But nothing could deter me from accompanying Jimmie to the dentist’s. I wouldn’t put it past him running his car into a hydrant half way to the dentist’s rather than face the music. He is a man of too much imagination. I made it my business to stay right with him for the balance of the morning, had lunch with him and then, with ever increasing vigilance, remained in sight of him as the afternoon drew on. At lunch, he barely ate anything, so severely did his toothache make him suffer. Beads of perspiration came out on his forehead and he kept issuing great sighs instead of groans.
But about 3 p.m. he began to brighten.
“Do you know,” he said,” the blame thing is weakening! Really weakening. I can hardly feel it, for minutes at a time.”
“Go on,” I scorned.” Don’t kid yourself.”
“It’s a fact,” he declared. “I honestly believe it was just another of those twinges…”
“Jim,” I said, “use your head.”
“That’s precisely what I am doing,” said he. “Why embarrass my dentist who is hurrying to clean up his business so as to get away on a holiday? Why start something that may take weeks to finish? If this twinge goes away, like the others did. I can telephone him and make an appointment for October, some time, when he’s back, and he can do a proper series of work on that tooth.”
“Jim,” I said, “I never heard such subterfuging. Anybody knows that a toothache seems better as soon as you reach the dentist’s office. This is just a case of your imagination getting the better of you.”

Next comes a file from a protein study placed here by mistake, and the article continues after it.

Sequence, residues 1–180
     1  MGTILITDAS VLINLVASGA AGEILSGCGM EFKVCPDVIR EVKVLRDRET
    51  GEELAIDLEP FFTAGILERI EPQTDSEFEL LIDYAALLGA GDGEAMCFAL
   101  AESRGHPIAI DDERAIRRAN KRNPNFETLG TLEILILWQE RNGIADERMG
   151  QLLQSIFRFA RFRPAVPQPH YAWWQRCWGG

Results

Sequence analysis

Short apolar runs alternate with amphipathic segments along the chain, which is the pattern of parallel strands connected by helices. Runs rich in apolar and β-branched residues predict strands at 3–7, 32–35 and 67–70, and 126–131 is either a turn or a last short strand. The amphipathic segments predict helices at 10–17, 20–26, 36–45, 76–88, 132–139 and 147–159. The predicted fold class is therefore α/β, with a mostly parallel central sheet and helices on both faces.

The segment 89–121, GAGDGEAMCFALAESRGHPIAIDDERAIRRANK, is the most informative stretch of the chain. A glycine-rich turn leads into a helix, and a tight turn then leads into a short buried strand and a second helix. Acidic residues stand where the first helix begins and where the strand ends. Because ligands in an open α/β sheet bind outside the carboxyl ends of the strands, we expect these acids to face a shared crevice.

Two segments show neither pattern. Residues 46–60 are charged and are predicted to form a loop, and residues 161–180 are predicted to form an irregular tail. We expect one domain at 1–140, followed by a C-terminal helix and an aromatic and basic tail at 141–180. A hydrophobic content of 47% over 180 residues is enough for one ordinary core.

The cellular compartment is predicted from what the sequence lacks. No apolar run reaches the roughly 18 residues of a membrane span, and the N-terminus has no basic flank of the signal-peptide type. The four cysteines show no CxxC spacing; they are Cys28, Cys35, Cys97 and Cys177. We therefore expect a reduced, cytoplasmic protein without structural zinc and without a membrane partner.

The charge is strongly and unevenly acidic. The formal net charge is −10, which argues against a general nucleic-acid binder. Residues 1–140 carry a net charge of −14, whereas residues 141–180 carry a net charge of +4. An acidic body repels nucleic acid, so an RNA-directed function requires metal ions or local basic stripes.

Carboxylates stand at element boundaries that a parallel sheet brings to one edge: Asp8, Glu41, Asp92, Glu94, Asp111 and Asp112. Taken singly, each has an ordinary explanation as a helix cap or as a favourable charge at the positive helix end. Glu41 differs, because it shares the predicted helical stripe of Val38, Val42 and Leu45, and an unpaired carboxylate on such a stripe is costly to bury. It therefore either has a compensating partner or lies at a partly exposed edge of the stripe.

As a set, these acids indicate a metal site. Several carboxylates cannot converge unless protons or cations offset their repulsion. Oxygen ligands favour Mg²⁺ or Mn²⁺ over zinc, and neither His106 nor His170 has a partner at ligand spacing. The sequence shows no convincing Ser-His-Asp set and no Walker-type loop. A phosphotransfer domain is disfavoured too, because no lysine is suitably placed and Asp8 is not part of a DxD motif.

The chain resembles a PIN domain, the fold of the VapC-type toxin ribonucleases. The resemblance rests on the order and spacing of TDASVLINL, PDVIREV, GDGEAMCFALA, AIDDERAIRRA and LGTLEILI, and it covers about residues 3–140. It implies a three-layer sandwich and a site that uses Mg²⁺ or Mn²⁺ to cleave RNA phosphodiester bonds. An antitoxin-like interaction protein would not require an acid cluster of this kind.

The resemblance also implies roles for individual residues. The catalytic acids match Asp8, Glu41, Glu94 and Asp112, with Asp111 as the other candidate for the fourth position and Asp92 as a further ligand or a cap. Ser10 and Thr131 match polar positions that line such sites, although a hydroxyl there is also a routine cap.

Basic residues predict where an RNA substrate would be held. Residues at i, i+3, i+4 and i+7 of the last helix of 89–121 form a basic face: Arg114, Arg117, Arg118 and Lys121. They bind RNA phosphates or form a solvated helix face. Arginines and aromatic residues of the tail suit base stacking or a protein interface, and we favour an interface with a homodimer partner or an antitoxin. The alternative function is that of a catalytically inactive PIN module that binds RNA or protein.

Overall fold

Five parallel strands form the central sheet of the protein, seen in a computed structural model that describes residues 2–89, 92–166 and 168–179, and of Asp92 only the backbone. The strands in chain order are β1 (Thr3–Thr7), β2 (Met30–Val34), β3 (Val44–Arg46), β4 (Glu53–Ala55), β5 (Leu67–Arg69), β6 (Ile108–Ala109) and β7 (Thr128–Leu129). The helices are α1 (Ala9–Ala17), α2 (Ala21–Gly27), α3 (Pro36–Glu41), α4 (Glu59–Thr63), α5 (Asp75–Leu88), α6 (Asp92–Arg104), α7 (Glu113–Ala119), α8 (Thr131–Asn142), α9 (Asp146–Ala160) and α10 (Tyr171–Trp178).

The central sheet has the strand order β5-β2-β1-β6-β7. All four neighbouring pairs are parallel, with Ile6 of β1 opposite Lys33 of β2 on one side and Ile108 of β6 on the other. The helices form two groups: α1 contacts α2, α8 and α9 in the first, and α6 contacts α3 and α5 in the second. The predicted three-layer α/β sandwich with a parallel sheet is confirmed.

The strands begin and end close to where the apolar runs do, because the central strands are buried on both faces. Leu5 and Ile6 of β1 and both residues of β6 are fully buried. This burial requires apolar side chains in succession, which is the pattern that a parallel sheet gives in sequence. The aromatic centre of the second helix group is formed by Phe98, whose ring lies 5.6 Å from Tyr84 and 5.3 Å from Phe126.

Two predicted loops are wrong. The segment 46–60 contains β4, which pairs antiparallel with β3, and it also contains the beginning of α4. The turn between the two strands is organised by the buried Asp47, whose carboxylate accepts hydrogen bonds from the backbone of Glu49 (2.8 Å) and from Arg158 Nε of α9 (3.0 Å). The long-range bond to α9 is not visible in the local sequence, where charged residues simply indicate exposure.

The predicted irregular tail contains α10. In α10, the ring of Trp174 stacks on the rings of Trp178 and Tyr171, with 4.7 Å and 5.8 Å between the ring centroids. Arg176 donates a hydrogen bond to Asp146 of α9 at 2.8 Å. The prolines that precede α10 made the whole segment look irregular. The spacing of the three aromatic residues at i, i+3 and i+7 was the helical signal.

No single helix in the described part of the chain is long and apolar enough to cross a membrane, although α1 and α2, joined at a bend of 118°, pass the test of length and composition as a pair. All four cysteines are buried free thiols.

“I Gave You More Credit”
“I’ll give him a ring,” said Jim, getting up.
“Jim,” I shouted. “I gave you more credit. This is childish. Your tooth is aching like sin. Get it fixed.”
Jim sat down again, his eyes turned aside as he listened for the toothache, as it were. A shadow of pain crossed his face.
“Very well,” he said, thinly. “We’ll go.”
And we went. I drove. We arrived promptly and without mishap at the dentist’s office at precisely 4 o’clock. There was one woman in the chair and three more waiting when we got up to his waiting room. It was 20 minutes to five by the time Jim’s turn came, and we read all the Geographic Magazines back as far as 1932 and Jim kept growing more and more cheerful as each of our predecessors was silently called into the inner studio. But at last Jim’s turn came, and the dentist, with a merry smile, beckoned him in. I walked in too, because in my heart, I knew perfectly well that old Jim was going to stage an alibi.
“Well,” laughed Jim heartily. “I’ve often heard about a toothache vanishing the minute you arrive at the dentist’s, but I never had it happen to me before.”
“Up here,” said the dentist tenderly, indicating the chair. “We’ll just have a look around.”
“I don’t even remember which side it was on,” said Jim, astonished at himself.
“We’ll just take a look,” soothed the dentist.
Jim straightened like a hero going to his execution, and sat up in the chair. The dentist tied on the bib and took the little mirror in hand and stood expectantly. Jim opened his mouth slightly.
The dentist peered and probed. He tapped around.
“Was it in this jaw?” he asked.
“Nnn, nnn,” said Jim, shaking his head.
“Upper jaw?” said the dentist.
“Nnnn, nnn, nnnn,” repeated Jim firmly.
The dentist got a little light and peered within the cavern. He probed and Jim sat like a rock. He had a kind of nut pick, with which he jabbed and scraped. Jim never uttered a sound, and the dentist frowning, sighed and grunted into Jim’s face.